• For the best results with your children, spend only half the money you think you should, but double the time with them.
• Purchase the most recent tourist guidebook to your home town or region. You’ll learn a lot by playing the tourist once a year.
• Dont wait in line to eat something famous. It is rarely worth the wait.
• To rapidly reveal the true character of a person you just met, move them onto an abysmally slow internet connection. Observe.
• Prescription for popular success: do something strange. Make a habit of your weird.
• Be a pro. Back up your back up. Have at least one physical backup and one backup in the cloud. Have more than one of each. How much would you pay to retrieve all your data, photos, notes, if you lost them? Backups are cheap compared to regrets.
• Dont believe everything you think you believe.
• To signal an emergency, use the rule of three; 3 shouts, 3 horn blasts, or 3 whistles.
• At a restaurant do you order what you know is great, or do you try something new? Do you make what you know will sell or try something new? Do you keep dating new folks or try to commit to someone you already met? The optimal balance for exploring new things vs exploiting them once found is: 1/3. Spend 1/3 of your time on exploring and 2/3 time on deepening. It is harder to devote time to exploring as you age because it seems unproductive, but aim for 1/3.
• Actual great opportunities do not have “Great Opportunities” in the subject line.
• When introduced to someone make eye contact and count to 4. You’ll both remember each other.
• Take note if you find yourself wondering “Where is my good knife? Or, where is my good pen?” That means you have bad ones. Get rid of those.
• When you are stuck, explain your problem to others. Often simply laying out a problem will present a solution. Make “explaining the problem” part of your troubleshooting process.
• When buying a garden hose, an extension cord, or a ladder, get one substantially longer than you think you need. It’ll be the right size.
• Dont bother fighting the old; just build the new.
• Your group can achieve great things way beyond your means simply by showing people that they are appreciated.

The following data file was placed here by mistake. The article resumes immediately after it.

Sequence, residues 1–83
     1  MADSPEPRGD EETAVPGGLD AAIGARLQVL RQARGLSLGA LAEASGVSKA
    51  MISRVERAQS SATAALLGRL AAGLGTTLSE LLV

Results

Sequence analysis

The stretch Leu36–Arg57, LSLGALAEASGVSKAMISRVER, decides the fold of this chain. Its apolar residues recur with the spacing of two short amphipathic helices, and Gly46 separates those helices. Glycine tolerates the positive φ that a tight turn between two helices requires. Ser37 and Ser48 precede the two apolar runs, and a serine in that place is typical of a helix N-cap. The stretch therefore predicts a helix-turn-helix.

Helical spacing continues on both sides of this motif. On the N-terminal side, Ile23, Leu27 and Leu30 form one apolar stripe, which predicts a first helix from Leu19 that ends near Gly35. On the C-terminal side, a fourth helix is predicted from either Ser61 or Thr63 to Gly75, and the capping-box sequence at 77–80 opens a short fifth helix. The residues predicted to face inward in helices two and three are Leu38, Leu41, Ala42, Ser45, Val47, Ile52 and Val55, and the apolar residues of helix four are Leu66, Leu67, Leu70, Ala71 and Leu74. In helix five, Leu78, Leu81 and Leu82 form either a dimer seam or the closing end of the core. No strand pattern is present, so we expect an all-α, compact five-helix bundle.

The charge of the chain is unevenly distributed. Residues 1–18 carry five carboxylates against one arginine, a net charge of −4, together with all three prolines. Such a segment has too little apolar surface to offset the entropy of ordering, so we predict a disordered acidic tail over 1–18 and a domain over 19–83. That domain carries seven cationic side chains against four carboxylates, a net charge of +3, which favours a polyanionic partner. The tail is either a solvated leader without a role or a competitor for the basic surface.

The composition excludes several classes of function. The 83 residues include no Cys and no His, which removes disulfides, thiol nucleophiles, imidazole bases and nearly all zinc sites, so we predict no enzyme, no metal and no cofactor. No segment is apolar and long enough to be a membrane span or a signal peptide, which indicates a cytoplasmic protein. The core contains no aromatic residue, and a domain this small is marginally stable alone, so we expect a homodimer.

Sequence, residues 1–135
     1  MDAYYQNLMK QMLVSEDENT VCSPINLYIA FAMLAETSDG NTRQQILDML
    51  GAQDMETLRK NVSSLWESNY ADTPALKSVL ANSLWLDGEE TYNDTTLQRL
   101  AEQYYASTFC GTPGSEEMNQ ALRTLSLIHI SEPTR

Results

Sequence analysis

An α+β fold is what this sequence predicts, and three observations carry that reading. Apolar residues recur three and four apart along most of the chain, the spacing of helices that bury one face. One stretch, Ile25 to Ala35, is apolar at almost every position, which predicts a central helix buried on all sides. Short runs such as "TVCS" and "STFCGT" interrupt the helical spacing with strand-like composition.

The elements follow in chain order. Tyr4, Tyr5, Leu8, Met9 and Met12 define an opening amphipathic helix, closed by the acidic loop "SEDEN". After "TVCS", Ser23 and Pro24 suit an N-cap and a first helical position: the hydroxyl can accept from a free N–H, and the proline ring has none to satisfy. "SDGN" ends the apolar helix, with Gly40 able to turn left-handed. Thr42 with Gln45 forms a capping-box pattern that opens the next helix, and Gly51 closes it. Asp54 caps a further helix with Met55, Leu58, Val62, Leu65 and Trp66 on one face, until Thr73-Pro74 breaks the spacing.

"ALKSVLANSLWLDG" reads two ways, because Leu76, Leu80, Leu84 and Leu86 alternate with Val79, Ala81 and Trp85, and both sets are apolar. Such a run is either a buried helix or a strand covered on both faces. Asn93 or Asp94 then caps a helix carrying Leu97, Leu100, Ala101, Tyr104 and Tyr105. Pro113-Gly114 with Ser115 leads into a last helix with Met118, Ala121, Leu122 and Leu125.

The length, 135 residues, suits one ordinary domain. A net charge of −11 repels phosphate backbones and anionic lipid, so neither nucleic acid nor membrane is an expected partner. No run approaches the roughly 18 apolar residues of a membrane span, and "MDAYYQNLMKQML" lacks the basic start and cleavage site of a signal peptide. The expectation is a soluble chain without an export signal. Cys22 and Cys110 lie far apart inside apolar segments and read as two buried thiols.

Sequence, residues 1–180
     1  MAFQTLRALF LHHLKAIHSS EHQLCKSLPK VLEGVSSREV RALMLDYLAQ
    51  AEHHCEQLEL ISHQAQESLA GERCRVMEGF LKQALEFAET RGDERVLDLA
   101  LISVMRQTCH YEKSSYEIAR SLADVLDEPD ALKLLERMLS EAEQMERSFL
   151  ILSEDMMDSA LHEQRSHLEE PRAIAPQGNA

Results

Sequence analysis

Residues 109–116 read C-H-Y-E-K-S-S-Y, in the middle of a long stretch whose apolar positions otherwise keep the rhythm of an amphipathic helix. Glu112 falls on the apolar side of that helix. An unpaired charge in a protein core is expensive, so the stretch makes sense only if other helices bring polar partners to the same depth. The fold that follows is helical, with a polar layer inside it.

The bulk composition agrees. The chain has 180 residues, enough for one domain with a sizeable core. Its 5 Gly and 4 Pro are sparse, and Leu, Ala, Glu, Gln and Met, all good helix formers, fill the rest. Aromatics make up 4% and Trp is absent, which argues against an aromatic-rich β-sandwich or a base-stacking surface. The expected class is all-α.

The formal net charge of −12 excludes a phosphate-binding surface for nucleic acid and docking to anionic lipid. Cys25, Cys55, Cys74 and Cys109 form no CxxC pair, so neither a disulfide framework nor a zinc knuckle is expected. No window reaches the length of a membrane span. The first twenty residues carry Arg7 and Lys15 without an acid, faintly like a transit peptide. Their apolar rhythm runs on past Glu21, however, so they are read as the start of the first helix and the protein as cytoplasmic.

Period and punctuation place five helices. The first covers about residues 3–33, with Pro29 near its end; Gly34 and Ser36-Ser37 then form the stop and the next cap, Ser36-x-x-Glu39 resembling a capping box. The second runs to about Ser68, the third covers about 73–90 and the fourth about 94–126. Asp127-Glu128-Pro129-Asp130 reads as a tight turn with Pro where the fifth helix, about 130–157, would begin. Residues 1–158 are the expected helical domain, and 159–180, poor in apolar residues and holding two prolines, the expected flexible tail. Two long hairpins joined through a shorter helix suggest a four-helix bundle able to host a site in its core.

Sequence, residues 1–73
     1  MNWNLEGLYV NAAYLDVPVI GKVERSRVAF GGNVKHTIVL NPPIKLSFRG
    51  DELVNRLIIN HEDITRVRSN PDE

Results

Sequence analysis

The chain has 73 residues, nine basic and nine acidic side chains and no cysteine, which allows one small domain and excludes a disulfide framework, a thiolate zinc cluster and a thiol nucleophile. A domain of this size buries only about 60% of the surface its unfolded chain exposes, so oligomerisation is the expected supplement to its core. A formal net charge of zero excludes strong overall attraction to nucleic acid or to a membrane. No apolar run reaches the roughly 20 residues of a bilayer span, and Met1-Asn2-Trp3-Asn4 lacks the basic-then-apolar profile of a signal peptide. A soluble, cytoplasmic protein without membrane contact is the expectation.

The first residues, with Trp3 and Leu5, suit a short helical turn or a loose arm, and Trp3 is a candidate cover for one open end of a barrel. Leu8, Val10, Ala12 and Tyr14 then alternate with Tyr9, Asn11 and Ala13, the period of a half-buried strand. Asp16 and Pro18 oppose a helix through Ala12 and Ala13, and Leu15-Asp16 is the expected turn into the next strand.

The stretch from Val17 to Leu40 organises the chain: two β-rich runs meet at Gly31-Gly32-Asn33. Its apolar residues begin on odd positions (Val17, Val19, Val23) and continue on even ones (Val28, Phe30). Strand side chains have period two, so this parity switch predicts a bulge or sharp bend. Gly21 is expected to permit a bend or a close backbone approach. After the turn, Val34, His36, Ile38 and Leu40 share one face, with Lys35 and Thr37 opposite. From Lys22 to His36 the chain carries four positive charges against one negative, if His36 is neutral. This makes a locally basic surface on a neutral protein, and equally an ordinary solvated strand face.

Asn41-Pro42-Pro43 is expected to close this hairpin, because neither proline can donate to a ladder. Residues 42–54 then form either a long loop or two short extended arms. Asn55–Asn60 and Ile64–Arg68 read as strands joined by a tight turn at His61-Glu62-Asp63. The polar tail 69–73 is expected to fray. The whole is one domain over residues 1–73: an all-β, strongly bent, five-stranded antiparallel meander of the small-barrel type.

• When someone tells you about the peak year of human history, the period of time when things were good before things went downhill, it will always be the years of when they were 10 years old — which is the peak of any human’s existence.
• You are as big as the things that make you angry.
• When speaking to an audience it’s better to fix your gaze on a few people than to “spray” your gaze across the room. Your eyes telegraph to others whether you really believe what you are saying.
• Habit is far more dependable than inspiration. Make progress by making habits. Dont focus on getting into shape. Focus on becoming the kind of person who never misses a workout.
• When negotiating, dont aim for a bigger piece of the pie; aim to create a bigger pie.
• If you repeated what you did today 365 more times will you be where you want to be next year?
• You see only 2% of another person, and they see only 2% of you. Attune yourselves to the hidden 98%.
• Your time and space are limited. Remove, give away, throw out things in your life that dont spark joy any longer in order to make room for those that do.
• Our descendants will achieve things that will amaze us, yet a portion of what they will create could have been made with today’s materials and tools if we had had the imagination. Think bigger.
• For a great payoff be especially curious about the things you are not interested in.
• Focus on directions rather than destinations. Who knows their destiny? But maintain the right direction and you’ll arrive at where you want to go.
• Every breakthrough is at first laughable and ridiculous. In fact if it did not start out laughable and ridiculous, it is not a breakthrough.
• If you loan someone $20 and you never see them again because they are avoiding paying you back, that makes it worth $20.